Growth at TUs: ‘Buildings overflowing with students’

The universities of technology are trying to accommodate the growth in student numbers by providing new buildings and rejigging the timetables. “We've got a lot of work to do.” But without additional funds from The Hague they are stymied, they repeat. The TU/e's Timetabling steering group is keen to focus effort on the live streaming of lectures and optimizing the planning. This should mean a 12-hour timetable can be avoided.

The universities of technology in Delft, Eindhoven, Twente and Wageningen have been saying for some time now that the growth is more than they can handle. Their coping strategies include the introduction of admission freezes on various degree programs, very much against the wishes of the Lower House of government and industry, which find this step irreconcilable with the increasing shortage of technically trained people.

Cursor reported recently that for all four TU/e degree programs (Industrial Design, Biomedical Engineering, Industrial Engineering and Management Sciences, and Software Science) subject to a cap on student numbers this coming academic year, registrations have exceeded the ceilings set. A decentralized admission test will decide who is and is not admitted because the 'caps’ have been exceeded for all four programs.

With TU/e is running at the physical limits of its timetables, the timetabling problem has been mapped out in recent months under the leadership of the Timetabling steering group. According to the steering group a 12-hour timetable does not offer any extra solutions, so the continuation of the current 10-hour timetable is recommended. It is proposed that more teaching take place in hours 9 and 10, and a heavy emphasis be placed on the streaming of lectures and the optimizing and monitoring of the planning.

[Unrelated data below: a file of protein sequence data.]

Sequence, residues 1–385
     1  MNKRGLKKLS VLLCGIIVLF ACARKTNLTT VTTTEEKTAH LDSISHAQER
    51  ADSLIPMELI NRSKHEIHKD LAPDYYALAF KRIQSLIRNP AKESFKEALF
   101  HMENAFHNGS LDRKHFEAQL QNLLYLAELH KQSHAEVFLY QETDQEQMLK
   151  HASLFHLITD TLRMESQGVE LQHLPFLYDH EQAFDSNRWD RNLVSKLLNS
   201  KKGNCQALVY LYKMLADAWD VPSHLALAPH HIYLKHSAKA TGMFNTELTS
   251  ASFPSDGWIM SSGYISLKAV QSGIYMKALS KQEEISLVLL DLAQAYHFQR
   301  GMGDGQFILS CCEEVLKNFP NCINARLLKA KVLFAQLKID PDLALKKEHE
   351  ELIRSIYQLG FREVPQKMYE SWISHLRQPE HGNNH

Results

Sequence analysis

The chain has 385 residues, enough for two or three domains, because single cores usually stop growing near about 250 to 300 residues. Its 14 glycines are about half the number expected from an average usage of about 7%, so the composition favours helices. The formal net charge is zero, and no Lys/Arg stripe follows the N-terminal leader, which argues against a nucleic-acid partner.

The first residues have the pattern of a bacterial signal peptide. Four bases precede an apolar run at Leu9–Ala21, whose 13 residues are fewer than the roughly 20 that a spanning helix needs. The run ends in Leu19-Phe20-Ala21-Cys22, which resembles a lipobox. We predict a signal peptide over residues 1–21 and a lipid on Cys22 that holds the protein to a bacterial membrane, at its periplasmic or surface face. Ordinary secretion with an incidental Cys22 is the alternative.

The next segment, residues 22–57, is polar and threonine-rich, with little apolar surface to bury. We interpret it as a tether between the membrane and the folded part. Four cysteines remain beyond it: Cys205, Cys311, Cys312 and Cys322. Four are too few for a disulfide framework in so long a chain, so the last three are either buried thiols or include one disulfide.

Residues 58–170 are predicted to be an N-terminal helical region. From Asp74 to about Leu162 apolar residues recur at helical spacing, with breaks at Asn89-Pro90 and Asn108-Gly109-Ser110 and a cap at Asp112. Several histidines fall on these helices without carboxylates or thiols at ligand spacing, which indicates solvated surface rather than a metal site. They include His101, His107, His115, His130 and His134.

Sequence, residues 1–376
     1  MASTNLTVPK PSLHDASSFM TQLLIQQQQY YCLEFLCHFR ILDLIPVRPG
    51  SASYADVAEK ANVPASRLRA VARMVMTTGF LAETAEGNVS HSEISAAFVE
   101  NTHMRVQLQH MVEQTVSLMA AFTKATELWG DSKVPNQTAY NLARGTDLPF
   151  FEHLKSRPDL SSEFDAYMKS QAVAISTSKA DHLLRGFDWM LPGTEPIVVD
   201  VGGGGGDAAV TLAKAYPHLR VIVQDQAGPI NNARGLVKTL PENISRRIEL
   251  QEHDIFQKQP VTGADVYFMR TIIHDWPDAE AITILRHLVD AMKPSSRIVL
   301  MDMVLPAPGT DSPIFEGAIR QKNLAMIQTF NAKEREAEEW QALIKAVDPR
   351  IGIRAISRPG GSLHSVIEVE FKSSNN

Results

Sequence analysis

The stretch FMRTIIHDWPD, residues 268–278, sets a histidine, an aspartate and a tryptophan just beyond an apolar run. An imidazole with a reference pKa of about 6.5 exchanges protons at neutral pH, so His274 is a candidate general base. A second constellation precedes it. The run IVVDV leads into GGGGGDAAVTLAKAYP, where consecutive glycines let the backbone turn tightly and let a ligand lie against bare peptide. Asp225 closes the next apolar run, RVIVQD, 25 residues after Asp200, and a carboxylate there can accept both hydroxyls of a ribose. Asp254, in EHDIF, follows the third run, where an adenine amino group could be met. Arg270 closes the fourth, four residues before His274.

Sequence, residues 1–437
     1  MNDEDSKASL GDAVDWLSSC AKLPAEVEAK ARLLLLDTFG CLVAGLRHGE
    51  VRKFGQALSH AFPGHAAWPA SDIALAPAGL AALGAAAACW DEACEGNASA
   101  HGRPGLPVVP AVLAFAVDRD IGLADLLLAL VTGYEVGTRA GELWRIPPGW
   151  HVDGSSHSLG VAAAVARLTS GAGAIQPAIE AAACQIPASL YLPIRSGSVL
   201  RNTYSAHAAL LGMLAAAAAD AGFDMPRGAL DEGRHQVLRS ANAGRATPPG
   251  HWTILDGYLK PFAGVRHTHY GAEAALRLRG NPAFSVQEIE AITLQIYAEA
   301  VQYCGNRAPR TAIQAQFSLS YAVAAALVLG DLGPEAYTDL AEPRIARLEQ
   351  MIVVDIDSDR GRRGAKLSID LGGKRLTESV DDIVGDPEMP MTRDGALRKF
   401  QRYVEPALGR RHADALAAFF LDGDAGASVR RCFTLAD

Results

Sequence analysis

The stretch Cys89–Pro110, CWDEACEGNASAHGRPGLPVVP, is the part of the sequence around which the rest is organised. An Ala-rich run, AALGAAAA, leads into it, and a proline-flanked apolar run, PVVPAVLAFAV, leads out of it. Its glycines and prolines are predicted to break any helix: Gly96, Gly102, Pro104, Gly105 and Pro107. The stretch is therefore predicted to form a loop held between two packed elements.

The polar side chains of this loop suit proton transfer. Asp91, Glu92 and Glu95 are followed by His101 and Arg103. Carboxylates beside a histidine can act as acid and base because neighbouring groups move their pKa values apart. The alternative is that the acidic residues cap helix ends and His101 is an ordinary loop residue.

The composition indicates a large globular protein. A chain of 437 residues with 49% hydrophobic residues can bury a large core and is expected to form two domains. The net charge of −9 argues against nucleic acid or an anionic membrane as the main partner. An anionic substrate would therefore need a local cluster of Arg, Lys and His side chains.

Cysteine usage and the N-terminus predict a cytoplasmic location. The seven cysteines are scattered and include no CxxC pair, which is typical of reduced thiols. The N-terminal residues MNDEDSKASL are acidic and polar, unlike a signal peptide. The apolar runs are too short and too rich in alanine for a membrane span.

To realize this, investment in competencies and capacity will be required. Without this investment, a 10-hour timetable is not a feasible solution. Compared to further building or renting space, the proposed solution is more cost-efficient. In addition, the steering group proposes starting 15 minutes earlier in the morning, shortening the lunch break by 15 minutes, and shortening the interval between hours 8 and 9 to 15 minutes, so that hour 10 ends at 19:00 hrs.. The steering group's recommendation is currently being submitted to the Executive Board. A decision is expected in February/March.

From the new intake figures it is evident that the number of first-years rose substantially this academic year. TU Delft and TU Eindhoven saw the biggest increase: 8 percent and 11 percent, respectively. Less than the average growth of Dutch universities as a whole, but still.   

Wageningen University, where the intake for the Bachelor's grew by 5 percent, is also busy devising solutions. Changes were made to the academic timetable back in September: lectures start ten minutes earlier and end at 7 o'clock in evening. Moreover, lessons are now slightly shorter.


The university is also increasing its offering of online education. In Eindhoven people are looking first and foremost to national government to increase funding. In order to continue to guarantee the quality and small-scale of its education, the university is not excluding the possibility, says a spokesperson, of more admission freezes in future.

In Twente more cautious steps are being taken. There were rumors that the university planned to introduce more admission freezes, but that is a misconception, says a spokesperson. What is confirmed is that the limit at University of Twente is set at twelve thousand students. At present there are not yet eleven thousand. Intake rose this academic year by 2 percent.

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